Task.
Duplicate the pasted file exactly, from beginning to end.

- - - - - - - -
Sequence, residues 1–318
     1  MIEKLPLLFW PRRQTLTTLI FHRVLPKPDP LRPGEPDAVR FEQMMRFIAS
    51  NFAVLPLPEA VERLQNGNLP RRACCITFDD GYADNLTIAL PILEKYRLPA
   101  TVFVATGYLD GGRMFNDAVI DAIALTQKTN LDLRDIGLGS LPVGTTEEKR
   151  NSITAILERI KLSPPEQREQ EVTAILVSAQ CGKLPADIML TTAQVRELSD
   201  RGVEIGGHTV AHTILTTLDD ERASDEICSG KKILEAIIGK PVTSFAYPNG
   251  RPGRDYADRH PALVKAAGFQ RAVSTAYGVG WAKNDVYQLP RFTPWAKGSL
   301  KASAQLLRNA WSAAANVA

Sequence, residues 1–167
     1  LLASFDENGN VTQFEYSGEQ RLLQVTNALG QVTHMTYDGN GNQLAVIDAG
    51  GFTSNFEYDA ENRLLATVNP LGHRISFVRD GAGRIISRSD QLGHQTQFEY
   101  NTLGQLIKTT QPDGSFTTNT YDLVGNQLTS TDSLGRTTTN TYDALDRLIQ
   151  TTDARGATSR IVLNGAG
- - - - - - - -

Sequence, residues 1–318
     1  MIEKLPLLFW PRRQTLTTLI FHRVLPKPDP LRPGEPDAVR FEQMMRFIAS
    51  NFAVLPLPEA VERLQNGNLP RRACCITFDD GYADNLTIAL PILEKYRLPA
   101  TVFVATGYLD GGRMFNDAVI DAIALTQKTN LDLRDIGLGS LPVGTTEEKR
   151  NSITAILERI KLSPPEQREQ EVTAILVSAQ CGKLPADIML TTAQVRELSD
   201  RGVEIGGHTV AHTILTTLDD ERASDEICSG KKILEAIIGK PVTSFAYPNG
   251  RPGRDYADRH PALVKAAGFQ RAVSTAYGVG WAKNDVYQLP RFTPWAKGSL
   301  KASAQLLRNA WSAAANVA

Sequence, residues 1–167
     1  LLASFDENGN VTQFEYSGEQ RLLQVTNALG QVTHMTYDGN GNQLAVIDAG
    51  GFTSNFEYDA ENRLLATVNP LGHRISFVRD GAGRIISRSD QLGHQTQFEY
   101  NTLGQLIKTT QPDGSFTTNT YDLVGNQLTS TDSLGRTTTN TYDALDRLIQ
   151  TTDARGATSR IVLNGAG